When missionaries arrive in a cross-cultural context, they look for cultural interests that may serve as points of contact for gospel proclamation. The preacher already has points of contact built in to his calendar through holidays and special cultural days. It seems to me special sermons connected to those days are strategic opportunities and a preacher would be wise to take full advantage. I agree with expository preaching legend, D. Martyn Lloyd-Jones, who wrote in Preaching and Preachers, "I believe in using almost any special occasion as an opportunity for preaching the gospel."
I have always thought if Easter, Christmas, Mother's Day, and Father's Day did not exist in American culture, I would reflexively set aside a time in the course of the preaching year to biblically focus on each topic. The fact each is on the cultural calendar provides an easy way to connect with a wide range of listeners as we biblically discuss each topic. Of all opportunities for special occasion sermons, I have found Christmas to be a uniquely powerful cultural opportunity. In our nation there are almost universally recognized sights, sounds, scenes, and foods associated with the time each year when we celebrate Christmas. What a pastoral gift.
Don't squander the gospel opportunity
With all I have said about the opportunity a holiday like Christmas affords the preacher I must also acknowledge it is an opportunity frequently squandered. Some of the worst sermons in a calendar year are Christmas-themed sermons. Below are some frequent mistakes to be avoided:
- Do not preach the cultural Christmas story rather than the biblical one by adding details that are not in the biblical text.
- Do not act as though celebrating the cultural aspects of Christmas are essential or a measure of anyone's spirituality. A person can worship the incarnate Christ without the cultural trappings of a tree, Santa, presents, and ugly sweaters.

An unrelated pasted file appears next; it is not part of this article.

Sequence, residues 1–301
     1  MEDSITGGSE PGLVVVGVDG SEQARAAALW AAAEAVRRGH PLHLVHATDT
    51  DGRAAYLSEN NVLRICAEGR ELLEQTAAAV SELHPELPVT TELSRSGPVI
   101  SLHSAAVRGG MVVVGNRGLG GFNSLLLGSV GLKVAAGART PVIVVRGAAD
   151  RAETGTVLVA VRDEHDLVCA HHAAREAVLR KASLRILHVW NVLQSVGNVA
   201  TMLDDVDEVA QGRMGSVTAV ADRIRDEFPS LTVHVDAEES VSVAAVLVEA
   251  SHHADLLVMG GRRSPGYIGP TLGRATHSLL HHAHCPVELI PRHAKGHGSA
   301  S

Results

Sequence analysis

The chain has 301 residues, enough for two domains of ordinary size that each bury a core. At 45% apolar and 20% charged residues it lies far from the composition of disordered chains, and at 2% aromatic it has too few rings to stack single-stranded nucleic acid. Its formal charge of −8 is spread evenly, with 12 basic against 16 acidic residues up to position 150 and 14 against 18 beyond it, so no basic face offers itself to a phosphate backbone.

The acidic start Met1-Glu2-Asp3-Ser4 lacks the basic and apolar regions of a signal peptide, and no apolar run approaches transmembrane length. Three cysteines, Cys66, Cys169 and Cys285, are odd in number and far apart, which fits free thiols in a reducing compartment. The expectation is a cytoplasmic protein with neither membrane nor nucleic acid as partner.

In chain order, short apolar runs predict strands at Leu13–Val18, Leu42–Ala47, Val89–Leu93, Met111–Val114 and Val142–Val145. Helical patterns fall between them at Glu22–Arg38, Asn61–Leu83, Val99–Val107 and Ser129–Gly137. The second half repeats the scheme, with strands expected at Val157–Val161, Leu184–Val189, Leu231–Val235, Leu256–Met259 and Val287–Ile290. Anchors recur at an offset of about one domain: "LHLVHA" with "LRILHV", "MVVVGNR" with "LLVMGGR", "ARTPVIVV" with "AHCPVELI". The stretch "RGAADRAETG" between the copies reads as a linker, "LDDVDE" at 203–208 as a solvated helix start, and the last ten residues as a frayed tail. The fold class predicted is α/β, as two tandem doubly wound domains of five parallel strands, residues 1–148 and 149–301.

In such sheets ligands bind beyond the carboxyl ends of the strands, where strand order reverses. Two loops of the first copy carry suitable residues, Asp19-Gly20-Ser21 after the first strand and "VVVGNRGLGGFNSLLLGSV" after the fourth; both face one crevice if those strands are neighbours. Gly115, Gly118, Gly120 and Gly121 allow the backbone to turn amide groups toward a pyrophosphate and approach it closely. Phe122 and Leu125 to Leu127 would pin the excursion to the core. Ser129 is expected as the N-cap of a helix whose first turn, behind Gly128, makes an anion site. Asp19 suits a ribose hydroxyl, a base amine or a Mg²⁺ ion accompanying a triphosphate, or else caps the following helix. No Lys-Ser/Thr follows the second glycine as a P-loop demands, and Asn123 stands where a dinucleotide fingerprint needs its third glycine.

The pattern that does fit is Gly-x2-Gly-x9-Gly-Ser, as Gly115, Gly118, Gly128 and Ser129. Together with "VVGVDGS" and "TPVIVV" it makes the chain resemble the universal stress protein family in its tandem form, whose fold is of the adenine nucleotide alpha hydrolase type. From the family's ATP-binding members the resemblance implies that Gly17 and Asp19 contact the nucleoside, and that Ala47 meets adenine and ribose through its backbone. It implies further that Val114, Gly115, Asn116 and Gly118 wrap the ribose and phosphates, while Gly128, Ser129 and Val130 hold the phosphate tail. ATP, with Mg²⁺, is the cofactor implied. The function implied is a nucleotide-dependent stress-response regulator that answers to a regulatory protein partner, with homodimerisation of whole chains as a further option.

- Do not preach Christmas sentimentality, preach biblical Christmas reality (leave the former to the never-ending loop of Hallmark Channel Christmas movies).
- Do not get so clever in crafting Christmas sermons that you stretch biblical characters beyond their biblical proportion and act as though their unrecorded psychological state is the point of the biblical narrative. I once heard a Christmas sermon from the perspective of the innkeeper (Now, where is that biblical text about an innkeeper?).
Take gospel advantage of the opportunity
Some preachers talk as though the yearly repetition of Christmas sermons is a problem. To the contrary, I think repetition is strategic and necessary. There is a sense in which the entire Old Testament narrative funnels toward the incarnation of God the Son in Bethlehem and then expands out again toward the ends of the earth. The apostle Paul describes the Incarnation like this: "But when the fullness of time had come, God sent forth his Son" (Gal. 4:4). If the birth of Christ is a significant redemptive-historical hinge point, then preachers must never get too far removed from its centrality in telling any part of the biblical narrative. Retelling the story of Christ, including his incarnation, is fundamental to what it means to be a Christian preacher.